PIPE288 and PIPE289 can handle both thin-walled and thick-walled (even a solid circular) cross-sections. With the thick-walled option, a full 3D stress state is adopted.
PIPE288 and PIPE289 accept only circular cross-sections. The cross-section will remain circular during deformation (i.e., only uniform radial expansion is allowed). Therefore, PIPE288 and PIPE289 should only be used for straight pipe segments.
On the other hand, ELBOW290 allows for initially non-circular sections and accounts for general section deformation, including ovalization, warping, and non-uniform radial expansion. With these advanced capabilities, ELBOW290 is suitable for pipe bends and straight pipe segments that may undergo large section deformation (e.g., collapse of the section).
Pipe288/289 elements can account for added mass (internal fluid mass), hydrodynamic added mass(external fluid), wave loading and buoyant effects. Pipe to surface contact (like pipe-lay on seabed) and pipe-to-pipe contact (like PIP) can also be addressed.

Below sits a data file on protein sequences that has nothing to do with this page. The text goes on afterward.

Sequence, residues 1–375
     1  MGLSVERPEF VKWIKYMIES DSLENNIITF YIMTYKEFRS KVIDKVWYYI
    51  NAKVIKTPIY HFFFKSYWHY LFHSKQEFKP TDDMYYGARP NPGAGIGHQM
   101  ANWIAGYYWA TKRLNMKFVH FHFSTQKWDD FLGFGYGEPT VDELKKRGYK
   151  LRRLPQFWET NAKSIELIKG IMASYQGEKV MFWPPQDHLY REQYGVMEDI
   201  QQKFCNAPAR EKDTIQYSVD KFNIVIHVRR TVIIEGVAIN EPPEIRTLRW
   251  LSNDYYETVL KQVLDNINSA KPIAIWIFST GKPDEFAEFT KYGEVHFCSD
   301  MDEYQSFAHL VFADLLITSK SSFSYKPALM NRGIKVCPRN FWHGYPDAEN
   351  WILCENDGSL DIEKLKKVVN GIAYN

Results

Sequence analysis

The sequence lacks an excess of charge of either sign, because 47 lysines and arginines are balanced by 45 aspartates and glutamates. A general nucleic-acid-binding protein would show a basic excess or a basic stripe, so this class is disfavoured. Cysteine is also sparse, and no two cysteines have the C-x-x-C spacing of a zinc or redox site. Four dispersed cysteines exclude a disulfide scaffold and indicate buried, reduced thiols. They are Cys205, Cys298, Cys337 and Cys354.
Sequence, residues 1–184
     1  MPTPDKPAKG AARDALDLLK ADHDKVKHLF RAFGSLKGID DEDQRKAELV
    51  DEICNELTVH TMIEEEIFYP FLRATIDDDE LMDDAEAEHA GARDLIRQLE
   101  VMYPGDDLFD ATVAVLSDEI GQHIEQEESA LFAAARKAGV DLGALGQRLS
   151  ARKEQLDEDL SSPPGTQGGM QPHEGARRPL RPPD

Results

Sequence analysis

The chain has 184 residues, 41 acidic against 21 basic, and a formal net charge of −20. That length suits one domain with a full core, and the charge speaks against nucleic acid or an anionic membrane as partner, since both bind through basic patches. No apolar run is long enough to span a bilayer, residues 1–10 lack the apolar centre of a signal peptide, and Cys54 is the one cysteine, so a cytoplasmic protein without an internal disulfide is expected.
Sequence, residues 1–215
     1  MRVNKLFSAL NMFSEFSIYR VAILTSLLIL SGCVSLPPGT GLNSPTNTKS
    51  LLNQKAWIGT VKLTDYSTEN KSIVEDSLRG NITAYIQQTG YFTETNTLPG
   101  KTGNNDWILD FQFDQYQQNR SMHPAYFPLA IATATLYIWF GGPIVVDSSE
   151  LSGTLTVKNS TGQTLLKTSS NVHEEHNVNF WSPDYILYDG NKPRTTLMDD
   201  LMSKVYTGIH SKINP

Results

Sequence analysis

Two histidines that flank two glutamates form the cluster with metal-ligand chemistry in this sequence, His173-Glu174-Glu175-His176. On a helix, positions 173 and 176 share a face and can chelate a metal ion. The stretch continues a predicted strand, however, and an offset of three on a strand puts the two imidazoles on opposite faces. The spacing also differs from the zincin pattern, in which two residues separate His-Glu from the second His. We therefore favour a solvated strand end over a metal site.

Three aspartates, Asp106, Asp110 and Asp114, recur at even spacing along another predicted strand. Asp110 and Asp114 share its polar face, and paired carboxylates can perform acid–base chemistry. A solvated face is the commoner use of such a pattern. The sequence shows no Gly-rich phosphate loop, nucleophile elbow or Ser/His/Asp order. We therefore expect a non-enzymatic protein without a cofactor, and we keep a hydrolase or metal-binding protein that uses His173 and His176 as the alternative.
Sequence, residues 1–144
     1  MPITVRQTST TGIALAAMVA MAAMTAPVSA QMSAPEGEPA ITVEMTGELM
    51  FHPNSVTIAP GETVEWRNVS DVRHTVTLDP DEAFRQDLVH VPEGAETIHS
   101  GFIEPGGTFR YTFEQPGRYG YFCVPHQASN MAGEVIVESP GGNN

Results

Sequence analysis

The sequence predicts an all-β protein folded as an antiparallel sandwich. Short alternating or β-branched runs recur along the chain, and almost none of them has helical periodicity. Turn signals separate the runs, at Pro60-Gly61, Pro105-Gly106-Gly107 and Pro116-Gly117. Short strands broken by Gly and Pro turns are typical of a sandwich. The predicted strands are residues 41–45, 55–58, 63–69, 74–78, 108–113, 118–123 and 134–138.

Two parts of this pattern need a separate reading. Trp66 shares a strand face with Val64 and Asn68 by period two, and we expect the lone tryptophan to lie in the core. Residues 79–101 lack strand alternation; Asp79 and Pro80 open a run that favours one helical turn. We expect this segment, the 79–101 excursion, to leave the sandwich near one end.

Now let’s go through some of the basic features related to pipe analysis in Ansys Mechanical. Please be aware that Ansys Workbench Mechanical only exposes a subset of the features of the pipe capabilities, but you can always insert commands snippets or use MAPDL to explore full capabilities.
Starting with geometry, you need a “line body”(Ansys terminology) for pipe and assign tubular cross sections. If you build a geometry in Ansys pre-processing tools like Ansys SpaceClaim or DesignModeler, that is pretty straightforward. If your geometry has been pre-built in other tools, then you can bring them in Ansys SpaceClaim. If it comes in as just lines then you can simply create some cross sections and assign to them. If it comes in as volumes, you can take advantage of “Beam Extraction” tool to automatically convert a volume to a line plus cross section. Once you load the geometry in Ansys Mechanical specify “Model Type=Pipe”.